So Sean Silcoff finally got me to read his book.
Losing the Signal: The Untold Story Behind the Extraordinary Rise and Spectacular Fall of BlackBerry, which he co-wrote with Jacquie McNish. After years of heckling me about it, we finally have him on the podcast to talk about this Canadian tech heritage moment: a story about a small Kitchener-Waterloo company mastering the limitations of technology at the time to create something new.
Something compelling. Something different than what we have today, but we can trace today right back to BlackBerry.
“Once Apple showed up, BlackBerry had to do everything right and get on it on the double. And they did everything wrong.”
– Sean Silcoff
But what happens when those limitations go away? What happens when you’ve been racing and racing for years to win the game and then suddenly the rules change? Given our current moment, with generative AI, a big tech downturn, and about a thousand other things going on, looking to historical examples can be instructive.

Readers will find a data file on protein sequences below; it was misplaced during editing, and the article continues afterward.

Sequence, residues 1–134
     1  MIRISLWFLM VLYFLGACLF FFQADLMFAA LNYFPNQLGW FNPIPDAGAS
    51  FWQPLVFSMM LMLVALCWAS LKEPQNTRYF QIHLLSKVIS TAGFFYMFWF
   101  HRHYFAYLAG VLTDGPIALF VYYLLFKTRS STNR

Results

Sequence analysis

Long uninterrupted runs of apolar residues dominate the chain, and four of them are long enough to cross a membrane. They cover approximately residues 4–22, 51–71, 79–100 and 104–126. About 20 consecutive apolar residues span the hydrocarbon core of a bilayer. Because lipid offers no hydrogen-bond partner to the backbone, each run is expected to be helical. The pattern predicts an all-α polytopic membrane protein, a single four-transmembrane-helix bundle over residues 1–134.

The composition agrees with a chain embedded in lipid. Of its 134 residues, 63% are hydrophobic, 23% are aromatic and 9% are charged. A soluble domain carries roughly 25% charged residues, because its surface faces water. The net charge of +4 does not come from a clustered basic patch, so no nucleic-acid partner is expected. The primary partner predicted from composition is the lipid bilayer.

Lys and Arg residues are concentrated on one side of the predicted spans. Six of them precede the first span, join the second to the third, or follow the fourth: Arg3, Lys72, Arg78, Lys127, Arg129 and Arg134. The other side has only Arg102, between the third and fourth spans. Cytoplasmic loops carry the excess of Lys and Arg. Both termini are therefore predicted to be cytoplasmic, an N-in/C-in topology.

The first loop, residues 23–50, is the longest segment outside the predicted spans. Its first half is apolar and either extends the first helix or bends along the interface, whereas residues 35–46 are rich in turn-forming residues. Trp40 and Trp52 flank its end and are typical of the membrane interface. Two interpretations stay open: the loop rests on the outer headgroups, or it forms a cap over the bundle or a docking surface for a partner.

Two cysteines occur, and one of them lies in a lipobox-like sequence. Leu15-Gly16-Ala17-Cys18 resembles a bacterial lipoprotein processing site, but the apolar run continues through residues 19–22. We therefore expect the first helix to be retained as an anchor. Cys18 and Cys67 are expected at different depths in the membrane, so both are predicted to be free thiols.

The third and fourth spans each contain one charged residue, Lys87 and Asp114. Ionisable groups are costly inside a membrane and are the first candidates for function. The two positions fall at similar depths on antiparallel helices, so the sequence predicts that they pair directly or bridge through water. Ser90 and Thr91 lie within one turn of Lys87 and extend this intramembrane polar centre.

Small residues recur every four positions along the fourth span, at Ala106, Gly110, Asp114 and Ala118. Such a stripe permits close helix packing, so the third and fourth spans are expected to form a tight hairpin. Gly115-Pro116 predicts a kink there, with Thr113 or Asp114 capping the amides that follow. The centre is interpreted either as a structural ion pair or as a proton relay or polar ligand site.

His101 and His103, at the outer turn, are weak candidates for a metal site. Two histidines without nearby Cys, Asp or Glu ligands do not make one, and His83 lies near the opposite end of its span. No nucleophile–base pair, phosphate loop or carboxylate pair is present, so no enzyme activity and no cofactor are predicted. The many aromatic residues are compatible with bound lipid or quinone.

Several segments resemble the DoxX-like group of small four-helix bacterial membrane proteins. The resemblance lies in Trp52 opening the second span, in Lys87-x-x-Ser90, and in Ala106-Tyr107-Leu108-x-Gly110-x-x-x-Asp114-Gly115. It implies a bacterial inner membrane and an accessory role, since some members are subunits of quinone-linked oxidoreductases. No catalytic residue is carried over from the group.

But listen, this isn’t just a history lesson; for me it’s personal. I was there, first covering the story and then living it as a RIM employee.
On this podcast, you’re not going to hear as much from me as you normally would, because I didn’t write the book. But also, as we know, even a well-told story isn’t the whole story. For those who experienced the Extraordinary Rise and Spectacular Fall firsthand, the stories we share and the stories we keep to ourselves is a very personal decision. Sumit Bhatia aside (#NeverForget).
You might be aware that there is a BlackBerry movie soon to be released (May 12, in theatres everywhere, check your local listings), which I have seen and found to be very enjoyable… and almost wholly untrue.
But that doesn’t really matter, because stories change over time, and history often means something different to those who come after.
So also joining us this week is Matthew Miller, producer and co-writer of the BlackBerry film, to talk about what he and co-writer Matt Johnson found inherently funny about this brief moment in time when the Canadian underdogs won. And to remind us that so many people around the world who loved their BlackBerry (or can remember that it was once a thing) don’t even know it’s a Canadian tech story.
But hey, that’s why we’re here. Let’s dig in.
Osler, the leading law firm for startups, high-growth companies and investors in Canada, has released its second annual study of 353 anonymized Canadian venture capital and growth equity financings. Read the Deal Points Report: Venture Capital Financings.
The BetaKit Podcast is hosted by Douglas Soltys & Rob Kenedi. Edited by Kattie Laur. Feature image courtesy Elevation Pictures. Sponsored by Osler.